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Manson follower Patricia Krenwinkel cleared for parole

Manson follower Patricia Krenwinkel cleared for parole
A sign indicates the entrance of Cielo Drive on August 9, 2019, where actress Sharon Tate was killed along with Abigail Folger, Wojciech Frykowski, Steven Parent and Jay Sebring by members of the 'Manson Family' under the direction of Charles Manson on August 8 1969. Patricia Krenwinkel, who as convicted in the crime spree, is now up for parole. File Photo by Etienne Laurent/EPA-EFE

May 27 (UPI) -- Patricia Krenwinkel, a former follower of late convicted murderer Charles Manson, is up for release from a California prison after the state's parole board recommended on Thursday that she should go free.

Krenwinkel, now 74, was convicted in the 1969 murders of pregnant actress Sharon Tate, Folger Coffee heiress Abigail Folger and Hollywood hairstylist Jay Sebring.

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The California Department of Corrections and Rehabilitation said the parole board's decision moves Krenwinkel's case to the Board of Parole Hearing Legal Division for review. If Krenwinkel clears the review, which could take up to 120 days, it could go to Gov. Gavin Newsom for final review. Krenwinkel was last denied parole in 2017.

Manson had hoped to take advantage of the racial tensions in the country with hope that the Black Panthers would be blamed for the murder and spark a race war. Krenwinkel admitted to stabbing Folger 28 times during the crime spree.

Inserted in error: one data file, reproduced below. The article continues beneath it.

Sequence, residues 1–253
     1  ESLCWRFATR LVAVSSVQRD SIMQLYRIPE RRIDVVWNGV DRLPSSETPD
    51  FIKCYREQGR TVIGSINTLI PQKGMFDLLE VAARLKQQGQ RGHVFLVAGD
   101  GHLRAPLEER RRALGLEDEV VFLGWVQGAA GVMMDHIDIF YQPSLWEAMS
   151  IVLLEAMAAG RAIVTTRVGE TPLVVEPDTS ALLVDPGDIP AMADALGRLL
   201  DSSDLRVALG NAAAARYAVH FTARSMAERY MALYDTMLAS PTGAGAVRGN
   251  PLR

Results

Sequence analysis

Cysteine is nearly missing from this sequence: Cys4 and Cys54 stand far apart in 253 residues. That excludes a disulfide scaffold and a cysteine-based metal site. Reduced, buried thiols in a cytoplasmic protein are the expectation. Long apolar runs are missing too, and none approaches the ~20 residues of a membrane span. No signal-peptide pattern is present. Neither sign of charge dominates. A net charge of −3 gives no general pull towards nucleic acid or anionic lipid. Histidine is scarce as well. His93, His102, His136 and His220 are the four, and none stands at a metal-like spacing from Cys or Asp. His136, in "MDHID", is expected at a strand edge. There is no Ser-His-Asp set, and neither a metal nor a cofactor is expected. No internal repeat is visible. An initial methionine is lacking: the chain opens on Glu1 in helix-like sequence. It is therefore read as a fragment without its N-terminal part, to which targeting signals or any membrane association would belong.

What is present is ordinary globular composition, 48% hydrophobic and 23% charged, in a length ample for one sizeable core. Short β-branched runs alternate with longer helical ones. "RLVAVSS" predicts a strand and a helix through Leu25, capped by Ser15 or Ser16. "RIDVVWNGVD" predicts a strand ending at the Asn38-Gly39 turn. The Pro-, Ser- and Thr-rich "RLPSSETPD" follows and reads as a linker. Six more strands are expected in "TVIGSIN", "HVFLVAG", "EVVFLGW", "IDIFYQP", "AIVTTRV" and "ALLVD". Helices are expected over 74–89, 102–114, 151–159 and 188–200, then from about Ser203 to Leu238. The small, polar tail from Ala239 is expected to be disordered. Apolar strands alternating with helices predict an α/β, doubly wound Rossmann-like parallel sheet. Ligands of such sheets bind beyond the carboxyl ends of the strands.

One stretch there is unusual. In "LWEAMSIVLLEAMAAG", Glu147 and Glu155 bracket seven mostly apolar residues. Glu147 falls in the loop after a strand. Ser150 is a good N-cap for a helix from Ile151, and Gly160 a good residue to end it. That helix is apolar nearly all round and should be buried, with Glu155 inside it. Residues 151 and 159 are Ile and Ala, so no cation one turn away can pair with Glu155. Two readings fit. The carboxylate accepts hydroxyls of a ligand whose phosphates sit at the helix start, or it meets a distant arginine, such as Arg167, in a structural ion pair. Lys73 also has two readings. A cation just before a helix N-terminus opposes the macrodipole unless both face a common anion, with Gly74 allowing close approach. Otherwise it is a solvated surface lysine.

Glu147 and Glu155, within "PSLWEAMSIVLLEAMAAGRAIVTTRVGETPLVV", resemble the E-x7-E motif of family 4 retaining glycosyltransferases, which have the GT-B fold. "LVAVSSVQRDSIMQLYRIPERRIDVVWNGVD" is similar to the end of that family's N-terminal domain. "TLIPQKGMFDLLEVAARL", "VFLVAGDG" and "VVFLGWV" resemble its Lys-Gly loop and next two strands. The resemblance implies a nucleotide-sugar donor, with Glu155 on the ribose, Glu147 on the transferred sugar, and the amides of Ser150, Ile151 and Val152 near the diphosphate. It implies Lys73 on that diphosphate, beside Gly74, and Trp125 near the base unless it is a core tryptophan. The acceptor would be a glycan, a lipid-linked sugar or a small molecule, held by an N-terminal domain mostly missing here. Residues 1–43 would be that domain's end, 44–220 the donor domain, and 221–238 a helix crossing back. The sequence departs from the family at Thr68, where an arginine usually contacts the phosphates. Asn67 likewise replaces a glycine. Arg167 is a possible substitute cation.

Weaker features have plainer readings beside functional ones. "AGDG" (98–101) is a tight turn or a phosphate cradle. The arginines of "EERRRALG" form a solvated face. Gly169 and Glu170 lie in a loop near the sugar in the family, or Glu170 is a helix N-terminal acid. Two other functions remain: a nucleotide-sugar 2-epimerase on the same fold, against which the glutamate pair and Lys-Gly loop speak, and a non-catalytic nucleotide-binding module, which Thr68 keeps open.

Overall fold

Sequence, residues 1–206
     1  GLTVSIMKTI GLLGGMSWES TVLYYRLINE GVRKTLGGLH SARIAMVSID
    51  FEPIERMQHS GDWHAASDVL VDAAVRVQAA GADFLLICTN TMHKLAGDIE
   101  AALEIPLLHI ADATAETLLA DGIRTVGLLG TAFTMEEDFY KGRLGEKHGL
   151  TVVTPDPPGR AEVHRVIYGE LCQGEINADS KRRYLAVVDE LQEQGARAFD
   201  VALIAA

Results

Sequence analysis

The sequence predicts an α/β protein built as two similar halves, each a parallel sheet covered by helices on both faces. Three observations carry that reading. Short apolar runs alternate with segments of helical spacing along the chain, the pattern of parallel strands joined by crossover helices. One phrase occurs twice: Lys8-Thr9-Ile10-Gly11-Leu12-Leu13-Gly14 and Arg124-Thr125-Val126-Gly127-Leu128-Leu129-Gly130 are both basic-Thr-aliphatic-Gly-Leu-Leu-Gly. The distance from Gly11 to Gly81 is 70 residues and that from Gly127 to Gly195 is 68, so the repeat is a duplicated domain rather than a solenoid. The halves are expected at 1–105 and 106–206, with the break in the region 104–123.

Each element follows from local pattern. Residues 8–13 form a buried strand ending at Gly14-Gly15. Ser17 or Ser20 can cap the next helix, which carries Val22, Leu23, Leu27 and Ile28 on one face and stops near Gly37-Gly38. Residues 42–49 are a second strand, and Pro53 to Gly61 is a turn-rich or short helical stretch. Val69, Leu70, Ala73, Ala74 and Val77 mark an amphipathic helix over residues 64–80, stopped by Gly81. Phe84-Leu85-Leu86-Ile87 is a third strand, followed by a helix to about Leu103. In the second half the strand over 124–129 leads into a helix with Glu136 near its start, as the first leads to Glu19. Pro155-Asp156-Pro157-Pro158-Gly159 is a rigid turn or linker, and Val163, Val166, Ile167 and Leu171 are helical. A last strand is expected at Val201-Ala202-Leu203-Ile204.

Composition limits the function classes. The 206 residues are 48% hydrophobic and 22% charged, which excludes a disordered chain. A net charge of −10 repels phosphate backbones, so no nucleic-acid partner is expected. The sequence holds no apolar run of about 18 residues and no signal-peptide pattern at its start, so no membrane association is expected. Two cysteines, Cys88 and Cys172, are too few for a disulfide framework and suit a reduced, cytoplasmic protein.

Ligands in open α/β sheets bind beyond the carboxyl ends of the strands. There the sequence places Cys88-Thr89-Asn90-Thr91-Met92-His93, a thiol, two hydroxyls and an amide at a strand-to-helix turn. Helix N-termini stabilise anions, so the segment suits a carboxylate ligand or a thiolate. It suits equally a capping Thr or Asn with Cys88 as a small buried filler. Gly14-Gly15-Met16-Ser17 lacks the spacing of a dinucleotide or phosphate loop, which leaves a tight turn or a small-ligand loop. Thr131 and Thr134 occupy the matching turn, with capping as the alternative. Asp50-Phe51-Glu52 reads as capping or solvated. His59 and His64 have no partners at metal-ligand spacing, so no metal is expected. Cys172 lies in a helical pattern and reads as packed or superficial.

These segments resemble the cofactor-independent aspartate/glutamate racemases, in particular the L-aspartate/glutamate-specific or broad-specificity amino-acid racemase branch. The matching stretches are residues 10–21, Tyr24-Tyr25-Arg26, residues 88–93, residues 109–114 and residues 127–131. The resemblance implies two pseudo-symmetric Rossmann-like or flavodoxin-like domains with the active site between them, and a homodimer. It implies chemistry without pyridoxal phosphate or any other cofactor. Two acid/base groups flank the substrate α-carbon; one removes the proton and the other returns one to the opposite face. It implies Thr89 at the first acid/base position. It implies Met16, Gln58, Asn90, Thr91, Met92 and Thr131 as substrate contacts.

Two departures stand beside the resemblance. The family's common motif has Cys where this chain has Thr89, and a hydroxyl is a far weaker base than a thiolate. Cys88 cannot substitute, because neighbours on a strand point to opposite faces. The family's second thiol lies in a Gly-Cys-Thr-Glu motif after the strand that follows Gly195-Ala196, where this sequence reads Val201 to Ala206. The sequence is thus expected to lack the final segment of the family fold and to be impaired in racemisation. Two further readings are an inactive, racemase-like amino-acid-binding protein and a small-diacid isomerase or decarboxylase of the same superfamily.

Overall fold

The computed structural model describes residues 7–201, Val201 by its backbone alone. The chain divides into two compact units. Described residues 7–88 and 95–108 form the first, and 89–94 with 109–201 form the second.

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She is serving a life sentence for the murder spree because California outlawed the death penalty in 1972.

"She's completely transformed from the person she was when she committed this crime, which is all that it's supposed to take to be granted parole," Krenwinkel's attorney Keith Wattley said, according to KCRA-TV.

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"I'm hopeful that the governor recognizes that he shouldn't be playing political games with people's lives. The governor would be blocking her parole not because he's afraid of her, but because he doesn't like her. And the law doesn't allow that."

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Wattley said the families of the victims continued to object to her release but the Los Angeles County prosecutors did not attend because of a policy change under District Attorney George Gascon.

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